Car seat makers and legislators have been working to make improvements. One of the biggest in recent years: Almost all cars and safety seats made since September 2002 must have the LATCH (Lower Anchors and Tethers for Children) system. Built-in anchors on the backseat make installation easier by eliminating use of seat belts, and upper tethers help secure the seat to the car.
More recently, the federal government set new standards requiring infant seats to protect babies up to 22 pounds. The goal: to keep little ones rear-facing—the safest way for them to ride—longer. With a similar objective, Graco introduced its Infant SafeSeat™, for babies up to 30 pounds, in early 2006. The weight limit for rear-facing use of many convertible seats also has been increased to 30 or 35 pounds.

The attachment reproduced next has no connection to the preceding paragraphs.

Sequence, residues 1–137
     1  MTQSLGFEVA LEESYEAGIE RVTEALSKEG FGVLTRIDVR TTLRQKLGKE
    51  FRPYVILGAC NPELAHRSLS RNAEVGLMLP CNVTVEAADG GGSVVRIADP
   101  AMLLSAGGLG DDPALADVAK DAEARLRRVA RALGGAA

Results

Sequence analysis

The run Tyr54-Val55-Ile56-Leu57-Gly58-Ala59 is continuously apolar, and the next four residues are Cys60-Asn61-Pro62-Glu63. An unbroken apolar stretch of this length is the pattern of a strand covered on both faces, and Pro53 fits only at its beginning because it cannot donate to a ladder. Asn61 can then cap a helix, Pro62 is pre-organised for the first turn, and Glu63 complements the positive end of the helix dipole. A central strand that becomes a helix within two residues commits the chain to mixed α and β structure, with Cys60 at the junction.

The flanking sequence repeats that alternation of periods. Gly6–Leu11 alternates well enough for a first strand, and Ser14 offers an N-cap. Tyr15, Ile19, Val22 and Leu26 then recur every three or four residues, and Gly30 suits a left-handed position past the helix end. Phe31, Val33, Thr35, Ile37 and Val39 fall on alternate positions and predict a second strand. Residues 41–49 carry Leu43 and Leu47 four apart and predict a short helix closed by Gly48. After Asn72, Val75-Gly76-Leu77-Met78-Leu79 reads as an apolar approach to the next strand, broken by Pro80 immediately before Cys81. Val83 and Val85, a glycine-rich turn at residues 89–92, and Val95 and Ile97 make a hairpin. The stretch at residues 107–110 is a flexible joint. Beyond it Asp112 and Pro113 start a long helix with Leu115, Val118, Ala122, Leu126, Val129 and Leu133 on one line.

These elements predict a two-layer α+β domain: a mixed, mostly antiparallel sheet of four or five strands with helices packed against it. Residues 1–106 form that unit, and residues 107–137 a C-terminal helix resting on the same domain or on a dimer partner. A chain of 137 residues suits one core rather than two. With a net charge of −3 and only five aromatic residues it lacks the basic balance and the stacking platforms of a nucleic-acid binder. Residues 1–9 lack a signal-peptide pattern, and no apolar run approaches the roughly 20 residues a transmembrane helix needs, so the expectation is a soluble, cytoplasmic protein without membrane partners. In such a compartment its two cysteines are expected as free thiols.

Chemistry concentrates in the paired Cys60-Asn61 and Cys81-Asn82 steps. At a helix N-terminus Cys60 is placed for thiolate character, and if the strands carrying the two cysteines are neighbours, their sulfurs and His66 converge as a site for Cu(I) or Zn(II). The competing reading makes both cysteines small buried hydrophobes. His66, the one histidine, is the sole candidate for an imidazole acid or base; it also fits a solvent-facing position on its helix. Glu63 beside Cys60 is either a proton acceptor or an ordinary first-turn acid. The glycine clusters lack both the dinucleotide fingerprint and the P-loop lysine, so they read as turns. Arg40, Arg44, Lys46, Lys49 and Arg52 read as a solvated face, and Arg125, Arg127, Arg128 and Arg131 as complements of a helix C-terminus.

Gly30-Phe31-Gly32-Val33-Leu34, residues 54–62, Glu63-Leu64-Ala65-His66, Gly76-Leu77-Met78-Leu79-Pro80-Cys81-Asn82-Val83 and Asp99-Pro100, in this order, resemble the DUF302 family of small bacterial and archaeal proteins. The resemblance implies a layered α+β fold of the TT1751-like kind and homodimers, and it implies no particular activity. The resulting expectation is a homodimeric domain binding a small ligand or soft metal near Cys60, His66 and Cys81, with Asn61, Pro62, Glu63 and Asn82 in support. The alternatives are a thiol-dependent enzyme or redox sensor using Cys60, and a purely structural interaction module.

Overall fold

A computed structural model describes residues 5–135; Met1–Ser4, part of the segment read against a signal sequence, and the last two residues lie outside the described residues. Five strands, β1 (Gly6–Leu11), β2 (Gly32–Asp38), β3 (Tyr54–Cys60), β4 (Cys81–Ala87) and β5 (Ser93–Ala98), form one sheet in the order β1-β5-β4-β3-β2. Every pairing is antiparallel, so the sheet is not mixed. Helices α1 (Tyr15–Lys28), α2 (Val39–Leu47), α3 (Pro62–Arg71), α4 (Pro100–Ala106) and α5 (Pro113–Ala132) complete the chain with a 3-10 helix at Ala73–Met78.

Also new on select car seats are layers of energy-absorbing EPS foam for added protection, especially in side- impact crashes. “Britax has been an innovator on that front, and other manufacturers are jumping on board,” says Denise Fields, co-author of Baby Bargains: Secrets to Saving 20% to 50% on Baby Furniture, Equipment, Clothes, Toys, Maternity Wear and Much, Much More! (Windsor Peak Press, 2005). Late last year, Britax released an energy- absorbing Rip-Stitch tether to minimize G-force effects on a child in an accident.